The APHC Director, CFOE Chair, and the lead author presented the SAT results to APHC employees at a town hall meeting in March 2018. The town hall meeting was an information session for leadership to share the transitional strategies they had identified in advance as priorities for the Center with the intent to demonstrate leadership commitment, engage employees in understanding the organization's current state, and explain how the organization plans to achieve and sustain a CoQ. Recommendations to strengthen the organizational culture from APHC employees align with the 6 foundational elements of a CoQ: strengthening leadership buy-in, which is consistent with literature highlighting the importance of leadership in facilitating a culture change,3,5 having employees work to improve CoQ infrastructure, allocating equal training and promotion opportunities among staff members, streamlining business practices, increasing communication across the Center, and enhancing QI efforts by training all staff members. Similar to the APHC, 35% of local health departments reported Informal or Ad Hoc QI Activities in 2016.7 By engaging in this organizational self-assessment related to its CoQ and communicating results openly to employees, the APHC successfully executed a key step in affirming its commitment to a cultural shift. Current efforts to continue advancing the APHC CoQ are embedded in the APHC's Strategic Plan development for fiscal year 2019 and beyond. For example, reaching phase 4 on the Roadmap to a CoQ by September 30, 2019, is a primary strategic goal for the Center that is driven by accomplishments of the key transition strategies identified within the Table. As a key objective of the APHC's strategic planning process, the Center will conduct a self-assessment annually to monitor its progress and identify additional transitional strategies to advance the APHC toward a CoQ.

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Implications for Policy & Practice

  • Public health organizations, to include federal agencies, have an obligation to provide the best possible public health services to target populations. A CoQ framework encourages transparency about how organizations formalize QI efforts, and an SAT can measure personnel's perceived quality of an organization.
  • The APHC demonstrated that a public health organization can adopt a national framework for achieving a CoQ and adapt a standardized SAT in order to generate actionable strategies for improvement. By doing so, the APHC improves its ability to deliver quality public health services to prevent, promote, and protect; ensuring America's Soldiers and the Army Family are healthy and mission ready.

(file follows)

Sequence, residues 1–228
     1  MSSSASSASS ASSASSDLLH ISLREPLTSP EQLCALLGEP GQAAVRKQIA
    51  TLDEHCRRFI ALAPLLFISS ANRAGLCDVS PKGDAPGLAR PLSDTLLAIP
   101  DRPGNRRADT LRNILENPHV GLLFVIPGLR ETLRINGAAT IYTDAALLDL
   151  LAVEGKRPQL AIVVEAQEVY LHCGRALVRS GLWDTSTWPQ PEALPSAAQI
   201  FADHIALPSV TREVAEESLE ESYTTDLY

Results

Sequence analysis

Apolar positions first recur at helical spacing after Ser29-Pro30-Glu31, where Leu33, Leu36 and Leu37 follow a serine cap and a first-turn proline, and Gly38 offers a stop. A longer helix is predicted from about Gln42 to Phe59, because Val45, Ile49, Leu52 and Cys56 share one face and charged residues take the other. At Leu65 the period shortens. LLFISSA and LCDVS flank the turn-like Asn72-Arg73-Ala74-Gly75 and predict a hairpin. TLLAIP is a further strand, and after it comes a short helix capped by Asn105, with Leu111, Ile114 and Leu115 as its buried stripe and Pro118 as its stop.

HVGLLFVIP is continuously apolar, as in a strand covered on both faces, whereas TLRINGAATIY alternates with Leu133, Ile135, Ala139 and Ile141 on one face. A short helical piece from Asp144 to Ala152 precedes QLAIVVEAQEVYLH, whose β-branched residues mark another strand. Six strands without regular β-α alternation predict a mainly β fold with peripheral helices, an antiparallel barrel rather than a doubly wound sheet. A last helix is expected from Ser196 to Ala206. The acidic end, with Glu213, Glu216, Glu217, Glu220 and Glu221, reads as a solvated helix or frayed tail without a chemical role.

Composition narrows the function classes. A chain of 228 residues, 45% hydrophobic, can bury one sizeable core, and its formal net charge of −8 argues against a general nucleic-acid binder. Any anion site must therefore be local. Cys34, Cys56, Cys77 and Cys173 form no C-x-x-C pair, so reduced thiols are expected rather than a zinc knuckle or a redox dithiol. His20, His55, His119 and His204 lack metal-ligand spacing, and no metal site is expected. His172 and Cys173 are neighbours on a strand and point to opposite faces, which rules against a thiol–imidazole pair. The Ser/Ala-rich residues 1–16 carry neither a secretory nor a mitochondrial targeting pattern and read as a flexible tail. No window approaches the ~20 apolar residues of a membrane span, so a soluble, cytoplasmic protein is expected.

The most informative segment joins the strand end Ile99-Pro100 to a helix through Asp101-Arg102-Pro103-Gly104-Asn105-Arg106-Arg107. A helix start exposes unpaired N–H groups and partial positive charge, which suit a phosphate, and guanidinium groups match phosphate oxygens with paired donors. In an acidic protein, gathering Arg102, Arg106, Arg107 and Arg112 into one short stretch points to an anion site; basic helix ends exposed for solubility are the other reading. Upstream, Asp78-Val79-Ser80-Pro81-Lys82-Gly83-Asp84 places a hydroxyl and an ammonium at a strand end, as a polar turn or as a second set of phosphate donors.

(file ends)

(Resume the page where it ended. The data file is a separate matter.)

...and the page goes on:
• This work provides a strong example about the value of using empirical data to inform strategic planning. Other public health organizations with a wide reach can also adopt a CoQ framework to implement the necessary structures that support QI, empower leadership and employees to incorporate QI in their daily work, strengthen customer service, and enhance the use of data to inform continuous process improvement. These key elements will strengthen these organizations to foster and sustain a culture that ensures the quality and effectiveness of public health services.
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References

1. Roadmap to a Culture of Quality Improvement. National Association of County and City Health Officials Web site. http://qiroadmap.org/wp-content/uploads/2013/01/QIRoadmap.pdf. Published 2013. Accessed May 23, 2018.
2. Verma P, Moran Jr JW. Sustaining a quality improvement culture in local health departments applying for accreditation. J Public Health Manag Pract. 2014;20(1):43–48.
3. Davis MV. Opportunities to advance quality improvement in public health. J Public Health Manag Pract. 2010;16(1):8–10.
4. Webber W, Au V, Reedy A, et al An accredited local health department's use of the QI Roadmap to build a culture of quality. Front Public Health Serv Sys Res. 2016;5(4):40–47.
5. Davis MV, Mahanna E, Joly B, et al Creating quality improvement culture in public health agencies. Am J Public Health. 2014;104(1):e98–e104.
6. Verma P, Amaya K. Operationalizing the QI roadmap to a culture of quality improvement: building, advancing, and sustaining QI from the ground up. Session at: Public Health Improvement Training; June 2017; Albuquerque, NM.
7. National Profile of Local Health Departments. National Association of County and City Health Officials Web site. http://nacchoprofilestudy.org/wp-content/uploads/2017/10/ProfileReport_Aug2017_final.pdf. Published 2017. Accessed January 22, 2019.
Keywords:

Army; culture; quality improvement